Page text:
The ARRAY_EQUAL function is a fast way to compare data for equality in situations where the index of the elements that differ are not of interest. This operation is much faster than using TOTAL(A NE B), because it stops the comparison as soon as the first inequality is found, an intermediate array is not created, and only one pass is made through the data.
Arrays may be compared to scalars, in which case each element in the array is compared to the scalar. For two arrays to be equal, they must have the same number of elements. If the types of the operands differ, the type of the least precise is converted to that of the most precise, unless the NO_TYPECONV keyword is specified to prevent it. This function works on all numeric types, strings, pointer references, and object references. In the case of pointer and object references, ARRAY_EQUAL compares the references (which are long integers), not the heap variables to which the references point.
Tip: If you are comparing an array to a scalar, you should make sure that the scalar has the same data type as the array. Otherwise, if the scalar is a more precise data type, then ARRAY_EQUAL will convert the entire array to that type before doing the comparison.
; Return True (1) if all elements of a are equal to a 0 byte:
IF ARRAY_EQUAL(a, 0b) THEN ...
; Return True (1) if all elements of a are equal all elements of b:
IF ARRAY_EQUAL(a, b) THEN ...
Result = ARRAY_EQUAL( Op1 , Op2, /NOT_EQUAL, /NO_TYPECONV, /QUIET )
Returns 1 (true) if, and only if, all elements of Op1 are equal to Op2; returns 0 (false) at the first instance of inequality.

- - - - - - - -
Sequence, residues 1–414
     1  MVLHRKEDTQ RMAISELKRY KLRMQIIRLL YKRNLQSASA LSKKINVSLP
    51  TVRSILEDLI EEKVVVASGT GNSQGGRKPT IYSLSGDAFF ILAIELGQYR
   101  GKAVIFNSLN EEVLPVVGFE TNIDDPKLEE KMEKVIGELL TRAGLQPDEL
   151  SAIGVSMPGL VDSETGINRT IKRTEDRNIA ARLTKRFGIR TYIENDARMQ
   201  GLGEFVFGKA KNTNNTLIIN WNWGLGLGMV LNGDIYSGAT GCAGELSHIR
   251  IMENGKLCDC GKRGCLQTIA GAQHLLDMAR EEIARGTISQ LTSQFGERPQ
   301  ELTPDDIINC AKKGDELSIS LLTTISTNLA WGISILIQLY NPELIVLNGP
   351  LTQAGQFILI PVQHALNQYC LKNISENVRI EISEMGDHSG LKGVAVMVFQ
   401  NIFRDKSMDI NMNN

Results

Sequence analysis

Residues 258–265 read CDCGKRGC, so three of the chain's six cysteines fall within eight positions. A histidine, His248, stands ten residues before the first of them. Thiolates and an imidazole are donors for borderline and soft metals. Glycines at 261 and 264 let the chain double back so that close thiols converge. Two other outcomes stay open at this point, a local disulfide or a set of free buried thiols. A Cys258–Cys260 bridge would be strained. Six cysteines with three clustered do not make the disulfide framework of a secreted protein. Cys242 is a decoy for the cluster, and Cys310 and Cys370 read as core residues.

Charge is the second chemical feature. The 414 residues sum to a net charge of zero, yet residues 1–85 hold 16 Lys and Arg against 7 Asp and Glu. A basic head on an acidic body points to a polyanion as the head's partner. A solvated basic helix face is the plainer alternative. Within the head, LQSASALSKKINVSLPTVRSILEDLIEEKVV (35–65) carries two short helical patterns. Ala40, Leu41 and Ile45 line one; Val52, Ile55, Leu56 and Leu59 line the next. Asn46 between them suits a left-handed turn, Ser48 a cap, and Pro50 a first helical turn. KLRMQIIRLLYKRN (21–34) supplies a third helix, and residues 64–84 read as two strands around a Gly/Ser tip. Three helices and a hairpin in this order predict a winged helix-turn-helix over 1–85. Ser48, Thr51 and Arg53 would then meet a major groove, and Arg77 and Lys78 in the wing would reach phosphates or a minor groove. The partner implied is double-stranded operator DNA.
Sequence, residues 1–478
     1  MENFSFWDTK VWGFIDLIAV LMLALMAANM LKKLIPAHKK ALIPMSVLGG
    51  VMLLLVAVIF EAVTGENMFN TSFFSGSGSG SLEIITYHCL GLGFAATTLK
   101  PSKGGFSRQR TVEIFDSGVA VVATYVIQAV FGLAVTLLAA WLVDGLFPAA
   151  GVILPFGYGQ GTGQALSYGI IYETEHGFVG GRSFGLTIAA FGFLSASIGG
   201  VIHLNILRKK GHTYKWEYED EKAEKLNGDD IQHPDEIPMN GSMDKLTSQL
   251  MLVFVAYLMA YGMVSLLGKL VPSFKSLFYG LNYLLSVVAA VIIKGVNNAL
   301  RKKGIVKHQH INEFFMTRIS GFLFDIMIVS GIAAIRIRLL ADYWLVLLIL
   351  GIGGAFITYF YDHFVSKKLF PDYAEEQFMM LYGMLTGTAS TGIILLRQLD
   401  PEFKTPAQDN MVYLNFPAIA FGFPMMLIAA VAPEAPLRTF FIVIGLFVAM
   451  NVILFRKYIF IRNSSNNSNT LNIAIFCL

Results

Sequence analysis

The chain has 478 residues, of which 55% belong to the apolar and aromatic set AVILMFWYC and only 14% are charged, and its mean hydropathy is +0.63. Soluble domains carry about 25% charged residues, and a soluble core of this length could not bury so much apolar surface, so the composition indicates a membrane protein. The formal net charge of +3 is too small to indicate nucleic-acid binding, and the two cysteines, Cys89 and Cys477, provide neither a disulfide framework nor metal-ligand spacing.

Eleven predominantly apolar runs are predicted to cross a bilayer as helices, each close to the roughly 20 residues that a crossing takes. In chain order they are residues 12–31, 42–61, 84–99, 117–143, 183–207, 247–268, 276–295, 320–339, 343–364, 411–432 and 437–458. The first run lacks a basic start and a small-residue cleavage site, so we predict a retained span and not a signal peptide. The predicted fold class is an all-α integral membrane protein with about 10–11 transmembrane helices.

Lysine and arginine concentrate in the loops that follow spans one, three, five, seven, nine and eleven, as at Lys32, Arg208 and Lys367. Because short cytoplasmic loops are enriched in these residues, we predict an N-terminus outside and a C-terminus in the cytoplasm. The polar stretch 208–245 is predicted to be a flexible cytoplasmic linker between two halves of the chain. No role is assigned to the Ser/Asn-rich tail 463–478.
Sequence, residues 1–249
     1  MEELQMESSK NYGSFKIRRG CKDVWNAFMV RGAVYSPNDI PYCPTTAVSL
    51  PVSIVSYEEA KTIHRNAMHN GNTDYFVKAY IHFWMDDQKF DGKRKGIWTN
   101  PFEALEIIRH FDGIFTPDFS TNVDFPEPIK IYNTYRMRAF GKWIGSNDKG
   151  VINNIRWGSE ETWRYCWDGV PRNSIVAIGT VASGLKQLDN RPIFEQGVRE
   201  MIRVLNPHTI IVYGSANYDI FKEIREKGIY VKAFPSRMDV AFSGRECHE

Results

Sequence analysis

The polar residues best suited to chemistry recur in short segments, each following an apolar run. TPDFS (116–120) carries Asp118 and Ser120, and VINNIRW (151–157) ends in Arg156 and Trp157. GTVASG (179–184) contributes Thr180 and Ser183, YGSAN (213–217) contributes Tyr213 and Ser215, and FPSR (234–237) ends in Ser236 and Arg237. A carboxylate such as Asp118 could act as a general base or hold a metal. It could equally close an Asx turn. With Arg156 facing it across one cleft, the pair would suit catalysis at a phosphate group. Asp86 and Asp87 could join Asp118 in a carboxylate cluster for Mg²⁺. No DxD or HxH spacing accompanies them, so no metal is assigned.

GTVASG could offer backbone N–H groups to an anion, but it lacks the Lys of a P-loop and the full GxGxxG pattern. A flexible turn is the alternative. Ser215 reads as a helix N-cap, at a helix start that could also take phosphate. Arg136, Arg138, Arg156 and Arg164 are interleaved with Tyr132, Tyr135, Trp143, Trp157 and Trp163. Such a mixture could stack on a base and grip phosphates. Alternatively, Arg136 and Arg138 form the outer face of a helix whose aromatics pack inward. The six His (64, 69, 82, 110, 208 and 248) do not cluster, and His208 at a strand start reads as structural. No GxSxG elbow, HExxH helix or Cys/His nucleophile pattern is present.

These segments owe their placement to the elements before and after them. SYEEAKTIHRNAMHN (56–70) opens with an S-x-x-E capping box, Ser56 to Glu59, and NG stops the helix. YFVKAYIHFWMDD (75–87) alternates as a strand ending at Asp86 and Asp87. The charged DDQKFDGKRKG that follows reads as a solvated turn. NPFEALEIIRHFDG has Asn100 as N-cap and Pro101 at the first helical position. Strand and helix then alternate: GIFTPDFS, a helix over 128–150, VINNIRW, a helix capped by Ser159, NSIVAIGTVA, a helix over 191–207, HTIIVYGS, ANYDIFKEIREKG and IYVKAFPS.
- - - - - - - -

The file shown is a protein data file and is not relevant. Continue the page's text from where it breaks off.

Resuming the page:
The first variable to be compared. Op1 may be an array or a scalar.
The second variable to be compared. Op2 may be an array or a scalar.
By default, ARRAY_EQUAL determines if every element of the two variables are equal. Set the NOT_EQUAL keyword to determine if every element of the two variables are not equal.
Tip: The NOT_EQUAL keyword is useful if you want to make sure that an array does not contain a certain value. If ARRAY_EQUAL returns 1 (true) then you know that your array does not contain that value. If it returns 0 (false) then you know that the value exists somewhere within the array.
By default, ARRAY_EQUAL converts operands of different types to a common type before performing the equality comparison. Set NO_TYPECONV to disallow this implicit type conversion. If NO_TYPECONV is specified, operands of different types are never considered to be equal, even if their numeric values are the same.
By default, ARRAY_EQUAL will throw errors or warnings if the data types don't match and one of the variables cannot be converted to the other type. For example, if you try to compare 5.0 with "abc" or compare an object or pointer to any other type then IDL will issue an error. Set the QUIET keyword to quietly return 0 (false) in all cases where the data cannot be converted.
Added NOT_EQUAL and QUIET keywords